Skip to comments.Five Ways the White House Is Changing Federally Backed Mortgages
Posted on 10/25/2011 10:39:03 AM PDT by WOBBLY BOB
President Obamas message to spur the economy has changed from pass this bill to we cant wait. And mortgage rates are the impatient administrations first target. Rather than waiting for congressional action to improve the outlook for homeowners, the White House is making it easier to refinance loans backed by the Home Affordable Refinance Program. Though the executive branch cant legally reach into the practices of private lenders, here is a look at a list of changes (and nudges) the administration plans to implement beginning on Nov. 15:
(Excerpt) Read more at nationaljournal.com ...
we cant wait.
“you have to pass the bill to see what’s in it.”
“It’s not my fault”
“federally backed mortgage” and “government student loan” are two of 1,000+ things that should not exist.
The five changes come down to making lenders give new mortgage loans to people who are way underwater on the value of the property to what they owe, have no chance of paying the new lender and get a chance to flip and sell a bad deal they made before the crash. Better to just let the usual foreclosure and bankruptcy process solve the problem. Instead, Pres. Barry Soetoro is putting we savers and taxpayers on the hook for other’s mistakes.
The housing market will never find it’s true bottom unless the gubmint stops reinflating the bubble.
Allowing refinancing up to 125% loan value is another typically Obama-Fwank moronic thing to do.
The people getting the 125% will not pay off their mortgage. They will buy lots of new stuff, go out to eat, go on vacation, etc.
I have seen this happen over and over for years, now. Every time these types are allowed a refi, they just go deeper into debt. I just heard about someone who deliberately set a fire to gut a house where they were behind in the payments. They got a huge insurance payout, upgraded everything by 100% or more, bought toys and ended up deeper in debt. They are on the 4th reiteration of this game and just never learn or want to.
Though the executive branch cant legally reach into the practices of private lenders, here is a look at a list of changes (and nudges) the administration plans to implement beginning on Nov. 15:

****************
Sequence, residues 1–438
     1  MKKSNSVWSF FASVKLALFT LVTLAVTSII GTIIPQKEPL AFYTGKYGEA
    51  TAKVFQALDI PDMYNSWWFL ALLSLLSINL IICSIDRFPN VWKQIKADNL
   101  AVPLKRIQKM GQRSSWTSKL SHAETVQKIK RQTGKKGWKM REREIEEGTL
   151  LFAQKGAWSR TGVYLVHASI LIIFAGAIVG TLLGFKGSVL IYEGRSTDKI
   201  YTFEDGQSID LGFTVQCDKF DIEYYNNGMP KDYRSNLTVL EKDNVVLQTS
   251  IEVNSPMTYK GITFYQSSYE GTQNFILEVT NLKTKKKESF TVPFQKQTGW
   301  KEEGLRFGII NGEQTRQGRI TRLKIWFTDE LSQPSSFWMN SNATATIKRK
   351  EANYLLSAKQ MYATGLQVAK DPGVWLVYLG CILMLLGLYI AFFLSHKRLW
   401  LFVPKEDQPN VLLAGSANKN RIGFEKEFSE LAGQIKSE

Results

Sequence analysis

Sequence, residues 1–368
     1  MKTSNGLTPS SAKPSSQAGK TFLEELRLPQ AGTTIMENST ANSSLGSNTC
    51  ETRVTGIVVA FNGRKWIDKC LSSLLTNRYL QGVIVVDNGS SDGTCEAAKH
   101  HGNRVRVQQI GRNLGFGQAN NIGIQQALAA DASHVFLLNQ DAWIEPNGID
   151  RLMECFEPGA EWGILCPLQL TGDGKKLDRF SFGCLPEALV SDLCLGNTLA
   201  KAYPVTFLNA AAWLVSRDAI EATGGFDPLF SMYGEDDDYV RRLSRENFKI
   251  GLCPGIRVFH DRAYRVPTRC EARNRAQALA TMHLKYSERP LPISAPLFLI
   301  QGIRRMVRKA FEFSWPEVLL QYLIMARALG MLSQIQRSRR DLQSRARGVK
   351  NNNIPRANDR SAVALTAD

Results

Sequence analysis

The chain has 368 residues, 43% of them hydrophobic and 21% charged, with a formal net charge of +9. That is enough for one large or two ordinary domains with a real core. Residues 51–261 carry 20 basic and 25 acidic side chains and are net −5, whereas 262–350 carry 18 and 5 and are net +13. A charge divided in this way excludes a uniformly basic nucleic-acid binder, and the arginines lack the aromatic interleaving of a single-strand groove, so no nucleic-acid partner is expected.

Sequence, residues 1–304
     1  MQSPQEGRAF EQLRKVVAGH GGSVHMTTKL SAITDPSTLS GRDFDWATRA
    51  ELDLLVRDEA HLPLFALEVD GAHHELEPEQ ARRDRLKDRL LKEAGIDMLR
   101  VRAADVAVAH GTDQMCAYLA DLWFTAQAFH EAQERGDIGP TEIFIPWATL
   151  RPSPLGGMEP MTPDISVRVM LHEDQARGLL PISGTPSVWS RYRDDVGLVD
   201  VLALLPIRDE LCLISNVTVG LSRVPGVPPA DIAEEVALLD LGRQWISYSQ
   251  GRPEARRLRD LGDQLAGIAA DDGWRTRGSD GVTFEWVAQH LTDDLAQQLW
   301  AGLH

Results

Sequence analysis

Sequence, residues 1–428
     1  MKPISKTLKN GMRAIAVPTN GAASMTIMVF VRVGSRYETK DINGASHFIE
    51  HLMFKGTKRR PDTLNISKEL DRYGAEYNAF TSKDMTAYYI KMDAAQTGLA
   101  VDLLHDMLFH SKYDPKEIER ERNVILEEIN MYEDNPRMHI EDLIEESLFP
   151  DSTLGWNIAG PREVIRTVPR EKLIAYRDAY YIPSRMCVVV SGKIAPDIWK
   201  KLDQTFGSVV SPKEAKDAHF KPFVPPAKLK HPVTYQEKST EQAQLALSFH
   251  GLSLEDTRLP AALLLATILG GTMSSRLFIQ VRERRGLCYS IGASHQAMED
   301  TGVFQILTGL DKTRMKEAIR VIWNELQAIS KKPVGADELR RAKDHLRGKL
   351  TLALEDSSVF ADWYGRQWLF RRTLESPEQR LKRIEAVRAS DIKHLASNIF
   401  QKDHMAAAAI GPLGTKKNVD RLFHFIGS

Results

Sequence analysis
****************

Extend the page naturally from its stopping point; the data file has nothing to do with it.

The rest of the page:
1.Eliminating the ceiling: Currently, borrowers can owe no more than 125 percent of the value on their home to qualify for refinancing under HARP. The new requirements will eliminate that ceiling, but it will take congressional action to blow out the floor that requires borrowers to owe more than 80 percent before they qualify for a refinance. According to Corelogic data and analytics, 4.7 million Americans owe more than 125 percent on their homes.
2.No-equity requirement: The HARP program began with the intention of making refinancing available to homeowners with little equity. Now, in the effort to widen the program's reach, homeowners with no equity at all will be able to refinance.
3.No new property appraisal required: To qualify for HARP, borrowers had to undergo an application process that included a home appraisal from the federal authority. Now, in an effort to streamline that process, homeowners can apply for loans on new properties without an appraisal.
4.Extending the term of the program: When HARP was introduced in 2009, the loans it backed were supposed to be a temporary fix to the mortgage-bubble burst. Now, the program has been extended 18 months so that borrowers can apply for loans through the end of 2013.
5.Inviting competition: Under the current model, the original lender of a HARP-backed loan holds all the power over its rates because the system is too complicated and risky to invite competition. Thats according to National Economic Council Director Gene Sperling, who calls the plan to waive certain representations and warranties for loan makers the most important of the proposals. Sperling expects the move will make it more appealing for other lenders to jump into the market and challenge the current holders.
#4 sounds like the same as ‘rat’s answer to unemployment-—extending UI to 99 weeks.
#5. “...the system is too complicated “—of course, more gubmint intervention will fix that.
Trying to drum up some votes for his re-election.
not to worry, the newest series of derivative swaps will more than cover [launder] the trillions that my grandkids will owe on my 200 yr old farmhouse...
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